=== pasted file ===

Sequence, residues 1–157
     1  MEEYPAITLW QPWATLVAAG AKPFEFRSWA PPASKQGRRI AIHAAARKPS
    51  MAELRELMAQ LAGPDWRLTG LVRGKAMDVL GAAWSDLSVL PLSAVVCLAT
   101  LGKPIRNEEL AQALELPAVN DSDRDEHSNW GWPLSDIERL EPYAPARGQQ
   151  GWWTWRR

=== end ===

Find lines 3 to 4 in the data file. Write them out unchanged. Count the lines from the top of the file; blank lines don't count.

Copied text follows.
    51  MAELRELMAQ LAGPDWRLTG LVRGKAMDVL GAAWSDLSVL PLSAVVCLAT
   101  LGKPIRNEEL AQALELPAVN DSDRDEHSNW GWPLSDIERL EPYAPARGQQ